Risks of jawline sculpting

By Dr. Aaron Stanes

Treatment guide

Discover the vital information you MUST know about jawline sculpting & fillers with our detailed guide written by expert cosmetic doctors.


    Top 10 Questions About the Risks of Non-Surgical Jawline Sculpting

    1. What are the most common risks associated with jawline sculpting?

    Fillers: These injectable solutions, while generally safe, carry potential risks like:

    • Vascular occlusion (blocking blood vessels), infection, and product migration creating lumps or asymmetry. This is far more likely when an inexperienced provider performs the treatment.
    • Allergic reactions and granuloma formation may occur, but are rare with high quality fillers.

    Jawline slimming botulinum toxin: This shrinks the masseter muscles, for a slimmer jawline.

    • There is a risk of a weak smile, which is more common when the treatment is not performed correctly. Fortunately, this issue resolves without any lasting effect.

    Thread lifts: This procedure uses absorbable threads to define the jawline by lifting skin. Risks include:

    • Improper placement: This can lead to abnormal facial contours.
    • Thread breakage: Some threads can snap, causing a loss of result.
    • Infections, which will require treatment with antibiotics, and in severe cases, surgical removal.

    2. What are the long-term risks of these procedures, and how long do the results typically last?

    There are no significant long-term risks of jawline sculpting techniques. As the products used are temporary, once broken down by the body, there is very little chance of any ongoing effects. Dermal fillers are also reversible, meaning if you are to have a delayed reaction, treatments are available.

    3. How important is choosing a qualified professional to reduce risks? What qualifications should I look for?

    Choosing a qualified professional is essential to ensure your jawline sculpting treatment is performed correctly. Opt for dermatologists or aesthetic doctors with formal training in cosmetic medicine. Qualifications to look for are Cosmetic Fellowships, offered through the Australasian College of Cosmetic Surgery and Medicine, and the Cosmetic Physicians College of Australia.

    You should also take note of their clinic. Is it a dedicated space for medical procedures? Many pop-up clinics exist inside gyms, nail salons, and even cafés. Exercise extreme caution with such ‘clinics’, where there is no quality control of hygiene or practice standards.

    4. What are some red flags to watch out for that might indicate increased risk?

    Be extremely wary of:

    • Discounted procedures: Low prices always indicates 2 things: fake products (that are often contaminated with viruses and bacteria, or very inexperienced staff (meaning bad results, and high risks). Don’t think this happens? The TGA has issued many infringement notices to registered nurses illegally importing and using fake injectables.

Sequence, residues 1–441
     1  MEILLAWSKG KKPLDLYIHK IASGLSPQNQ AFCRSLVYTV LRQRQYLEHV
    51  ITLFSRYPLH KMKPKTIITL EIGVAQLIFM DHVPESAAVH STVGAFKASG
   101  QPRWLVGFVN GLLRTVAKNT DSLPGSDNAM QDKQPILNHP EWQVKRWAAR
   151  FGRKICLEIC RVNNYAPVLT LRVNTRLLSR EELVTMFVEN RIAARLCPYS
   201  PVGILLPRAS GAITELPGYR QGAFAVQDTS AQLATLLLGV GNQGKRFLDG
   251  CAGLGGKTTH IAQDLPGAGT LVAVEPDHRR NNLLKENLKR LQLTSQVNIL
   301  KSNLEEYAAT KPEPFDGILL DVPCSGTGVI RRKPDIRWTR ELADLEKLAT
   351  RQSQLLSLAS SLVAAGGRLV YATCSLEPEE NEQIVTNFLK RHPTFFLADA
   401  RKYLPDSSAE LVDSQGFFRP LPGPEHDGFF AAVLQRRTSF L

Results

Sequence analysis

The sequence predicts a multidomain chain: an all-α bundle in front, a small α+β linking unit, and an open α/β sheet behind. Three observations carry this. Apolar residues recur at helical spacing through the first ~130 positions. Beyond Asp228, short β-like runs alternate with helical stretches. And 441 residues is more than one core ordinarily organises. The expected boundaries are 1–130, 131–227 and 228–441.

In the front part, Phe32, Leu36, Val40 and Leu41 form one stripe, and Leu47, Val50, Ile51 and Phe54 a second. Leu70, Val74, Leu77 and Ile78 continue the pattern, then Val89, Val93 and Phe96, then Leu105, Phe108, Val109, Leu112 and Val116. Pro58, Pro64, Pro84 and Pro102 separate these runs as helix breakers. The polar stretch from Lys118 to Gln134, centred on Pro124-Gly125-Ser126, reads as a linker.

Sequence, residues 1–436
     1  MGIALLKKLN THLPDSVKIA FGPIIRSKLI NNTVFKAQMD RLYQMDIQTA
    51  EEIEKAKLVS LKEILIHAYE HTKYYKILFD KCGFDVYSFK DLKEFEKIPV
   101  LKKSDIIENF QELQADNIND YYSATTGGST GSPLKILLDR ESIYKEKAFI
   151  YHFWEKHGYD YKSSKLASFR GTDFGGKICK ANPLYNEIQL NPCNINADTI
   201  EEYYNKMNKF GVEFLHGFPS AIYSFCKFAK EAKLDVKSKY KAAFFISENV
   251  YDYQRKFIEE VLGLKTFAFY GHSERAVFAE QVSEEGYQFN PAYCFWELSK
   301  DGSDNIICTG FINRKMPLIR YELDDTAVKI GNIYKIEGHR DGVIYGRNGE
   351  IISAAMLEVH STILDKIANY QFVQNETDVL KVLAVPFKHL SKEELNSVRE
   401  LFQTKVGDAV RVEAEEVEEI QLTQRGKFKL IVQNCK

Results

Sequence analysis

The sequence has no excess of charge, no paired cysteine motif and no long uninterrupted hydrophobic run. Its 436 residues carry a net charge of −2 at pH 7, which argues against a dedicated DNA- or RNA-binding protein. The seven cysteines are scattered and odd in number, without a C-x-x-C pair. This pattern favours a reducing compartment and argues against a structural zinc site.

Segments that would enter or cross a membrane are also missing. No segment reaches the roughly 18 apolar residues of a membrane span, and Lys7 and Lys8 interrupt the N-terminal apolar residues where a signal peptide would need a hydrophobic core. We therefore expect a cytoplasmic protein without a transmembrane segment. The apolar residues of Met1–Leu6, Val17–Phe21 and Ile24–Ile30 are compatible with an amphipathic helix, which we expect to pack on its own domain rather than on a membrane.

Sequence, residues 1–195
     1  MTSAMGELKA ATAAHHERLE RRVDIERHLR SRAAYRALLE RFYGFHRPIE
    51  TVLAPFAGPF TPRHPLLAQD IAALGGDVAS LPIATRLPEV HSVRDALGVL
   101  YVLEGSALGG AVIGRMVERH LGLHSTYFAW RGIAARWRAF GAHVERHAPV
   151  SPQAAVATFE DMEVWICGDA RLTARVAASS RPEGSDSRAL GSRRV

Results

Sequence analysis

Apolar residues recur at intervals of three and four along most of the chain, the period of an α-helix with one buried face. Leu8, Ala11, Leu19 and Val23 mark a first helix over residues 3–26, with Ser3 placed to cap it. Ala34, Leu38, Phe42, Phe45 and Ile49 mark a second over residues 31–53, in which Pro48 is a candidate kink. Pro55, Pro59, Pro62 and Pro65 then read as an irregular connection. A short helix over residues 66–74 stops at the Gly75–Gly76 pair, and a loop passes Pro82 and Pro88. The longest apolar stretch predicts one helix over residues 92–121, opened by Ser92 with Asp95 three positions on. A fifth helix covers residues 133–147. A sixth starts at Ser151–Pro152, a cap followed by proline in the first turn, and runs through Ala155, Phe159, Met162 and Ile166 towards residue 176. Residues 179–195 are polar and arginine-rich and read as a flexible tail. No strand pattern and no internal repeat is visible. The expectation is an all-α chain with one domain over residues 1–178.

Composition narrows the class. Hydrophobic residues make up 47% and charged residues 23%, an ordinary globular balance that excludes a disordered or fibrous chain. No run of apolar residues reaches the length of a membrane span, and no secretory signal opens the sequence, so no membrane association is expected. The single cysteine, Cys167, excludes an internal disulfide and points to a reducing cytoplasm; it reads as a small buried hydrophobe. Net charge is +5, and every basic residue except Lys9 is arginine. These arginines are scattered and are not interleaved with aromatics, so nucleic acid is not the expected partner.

• Lack of clear qualifications: Verify their credentials and training through official channels like the ACCSM members directory.
    • Pressure to proceed: A reputable professional will address your concerns and respect your decision-making process. They will never give you unsolicited advice, keeping the consultation relevant to your concerns.
    • Vague answers to your questions: Clarity and transparency are crucial. If they hesitate or avoid answering your questions directly, seek another practitioner.

    5. Are there any alternatives to non-surgical jawline sculpting that carry fewer risks?

    Facial exercises may offer subtle toning, although results vary and require commitment. They will never achieve a result close to what cosmetic procedures can.

    6. Should I disclose all my medical conditions before undergoing non-surgical jawline sculpting?

    It is vital to inform your doctor about your medical history before undergoing jawline sculpting. Certain medical conditions may increase the risk of side effects and affect your result.

    7. What should I do if I experience any complications after a non-surgical jawline sculpting procedure?

    If you experience any symptoms of a side effect you should immediately contact your treating doctor or their clinic. Depending on the issue, you may require a formal assessment and treatment. Many side effects do not resolve on their own, but can be easily treated if addressed quickly.

    8. How can I manage my expectations realistically when considering non-surgical jawline sculpting?

    It’s essential to understand that jawline sculpting offers subtle to modest enhancements. Focussing on balancing your weaker features and bringing out your strong ones is the way to achieve the best result. A good clinician will know how to set your expectations in regards to the result you can expect.

    9. Are the jawline sculpting results seen on social media real?

    Social media is rife with clinics photoshopping their before and after results. Strategic angles and different lighting is a commonly used technique to emphasise results. Why? It gets attention, and compensates for their inability to provide a good service. Always look for consistency in angles and lighting. Don’t fall for deceptive techniques that get your hopes up of results that are never achievable.

    10. Is it okay to feel nervous or apprehensive about undergoing non-surgical jawline sculpting?

    It is normal to feel nervous before having a jawline sculpting treatment. It is also an advantage, because it pushes you to do your research, and think properly about whether it is the right option for you. Ensure your clinician helps alleviate your nerves by providing comprehensive and transparent advice.

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